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Do we fall in a flat universe

According to many cosmologists, it is currently the state of the universe in which we live
12:00 AM Apr 02, 2024 IST | dr qudsia gani
do we fall in a flat universe

The shape and geometry of the universe is  determined by whether it will expand forever due to Big Bang or will eventually collapse due to gravity, and whether the extent of cosmos is finite or infinite. An ever-expanding universe will be open and infinite while as a Universe shrinking due to gravity will be closed and finite.


An obvious technique to discriminate between an open universe and a closed universe is to measure the average density of matter. The mathematical relations given by Alexander Friedmann describe the competition between the attractive gravitational force and the expansion of the universe within the context of general theory of relativity propounded by Einstein.


If the presently known density of matter is below the critical value at which the expansion and the gravitational attraction balance, then gravity cannot stop the expansion and the Universe must be open.  The critical density for the closure of Universe is roughly 1.06 x 10-29 gm/cm3.

The boundary condition between these two assumptions of an open universe or a closed Universe is that the expansion of the universe may continue forever but it will also slow down due to attractive gravitational forces while asymptotically approaching to zero, such that it will not quite halt in a lasting stretch of time. This very special approximation leads to what we call a flat universe, and according to many cosmologists, it is currently the state of the universe in which we live.


The general theory of relativity, also allows for the universe to be of one of these three forms viz; open, closed or flat. However, this flatness is not like a usual understanding of two-dimensional sheet. It is rather envisioned with some different analogies.


In such a Universe, for example, two rockets flying adjacent to each other will always remain parallel and will never cross their paths. Some of the recent observations from Atacama Cosmology Telescope or ACT also show that there is no deviation from the flatness and universe is flat with a 0.04% margin of error in our estimates.


The only deviation to flatness is due to the sum of all the quantum fluctuations that may get stretched during the cosmic inflation itself. Based on our growing understanding of how these fluctuations work, we may lead to a novel prediction that has yet to be tested to sufficient precision.


The shape of the universe incorporates both its local and global geometry. We know that space itself is curved by mass. Much like a dip is created in a soft pillow with our head, so does the fabric of spacetime bend around the massive objects in space.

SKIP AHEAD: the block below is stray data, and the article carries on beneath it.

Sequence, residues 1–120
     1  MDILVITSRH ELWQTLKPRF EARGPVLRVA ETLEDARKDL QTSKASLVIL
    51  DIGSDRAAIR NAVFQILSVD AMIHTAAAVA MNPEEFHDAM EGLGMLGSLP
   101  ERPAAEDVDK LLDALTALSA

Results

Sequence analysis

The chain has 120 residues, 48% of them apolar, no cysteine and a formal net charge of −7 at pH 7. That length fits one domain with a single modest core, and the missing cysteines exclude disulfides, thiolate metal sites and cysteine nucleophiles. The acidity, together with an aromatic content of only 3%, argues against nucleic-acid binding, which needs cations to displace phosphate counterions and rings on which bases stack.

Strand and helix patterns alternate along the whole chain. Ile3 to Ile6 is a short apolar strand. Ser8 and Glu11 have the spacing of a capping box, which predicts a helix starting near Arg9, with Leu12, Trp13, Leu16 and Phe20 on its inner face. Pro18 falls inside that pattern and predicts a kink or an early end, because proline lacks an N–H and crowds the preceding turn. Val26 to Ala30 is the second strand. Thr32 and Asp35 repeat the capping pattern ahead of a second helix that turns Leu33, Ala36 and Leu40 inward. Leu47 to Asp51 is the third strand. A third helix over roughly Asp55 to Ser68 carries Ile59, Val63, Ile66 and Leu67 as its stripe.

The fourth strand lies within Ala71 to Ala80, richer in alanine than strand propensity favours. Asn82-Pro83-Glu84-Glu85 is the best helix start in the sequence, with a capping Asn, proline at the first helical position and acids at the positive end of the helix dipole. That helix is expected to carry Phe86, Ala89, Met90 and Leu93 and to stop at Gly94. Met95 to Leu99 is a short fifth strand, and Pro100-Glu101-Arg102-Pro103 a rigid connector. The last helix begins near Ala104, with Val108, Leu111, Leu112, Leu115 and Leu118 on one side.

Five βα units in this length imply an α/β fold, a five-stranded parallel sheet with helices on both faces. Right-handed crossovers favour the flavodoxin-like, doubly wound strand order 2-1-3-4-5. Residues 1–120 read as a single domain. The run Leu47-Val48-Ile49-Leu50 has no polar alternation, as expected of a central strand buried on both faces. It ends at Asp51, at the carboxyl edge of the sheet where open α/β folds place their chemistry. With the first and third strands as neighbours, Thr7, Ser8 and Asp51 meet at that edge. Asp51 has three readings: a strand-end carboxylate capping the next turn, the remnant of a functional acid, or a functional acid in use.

Therefore, local geometry is primarily defined by  curvature. General relativity further explains how spatial curvature is constrained by gravity. The global topology is also constrained by curvature but it cannot be deduced from measurements of curvature alone, due to the existence of locally indistinguishable spaces with varying characteristics.

Right now, we have only measured the curvature to a level of 1-in-400 parts, and found that Universe is by and large, flat. Our observable Universe should, however, depart from perfect flatness at a level that’s between 1-part-in-10,000 and 1-part-in-1,000,000.

Therefore, if we could get down to these ultra-sensitive precisions, we would have the opportunity to confirm or refute the earlier predictions thereby leading to a better theory of our cosmic origins as never before.

Although the universe today appears indistinguishable from flat, it may yet turn out to have a tiny but meaningful amount of non-zero curvature because it isn’t perfectly flat, after all. But at least for now, the universe seems to be a three-dimensional sheet of paper which is neither wholly closed, nor wholly flat.

The measurements which show that the universe might be flat also suggest that it must be of infinite size, since it is also expanding.  From the observations of exploding stars, including those from European Southern Observatory, ESO's telescopes at La Silla and Paranal, the expansion of the Universe is found to be accelerating. In fact, the Nobel Prize of 2011 in Physics was awarded for this result.

One would also be highly interested in knowing what the edge of the universe looks like though for observing that, one has to step out of it which is not practically possible. However, on very large scales, the universe is considered to be homogenous and isotropic. Therefore, we may imagine a sample in the form of an arbitrary sphere cut out of the universe which may be small compared to the size of the universe, but quite large compared to the average distance between the galaxies.

The gravitational force exerted at the centre of such a sphere is proportional to the average density of matter. The measured value of the Hubble’s constant yields the kinetic energy of expansion of the sphere. If the universe as a whole is expanding, so will this region be also expanding, whereas if the universe re-collapses this region will also be shrinking.

Moreover, the speed of light limits our view of the volume of universe since the Big Bang happened only 13.8 billion years before and scientists can therefore only see 13.8 billion light-years from Earth. In other words, since our access to the observable universe is limited, we could be missing great details out there.

Dr. Qudsia Gani, Assistant Professor, Dept. of Physics, Govt. Degree College, Pattan Baramulla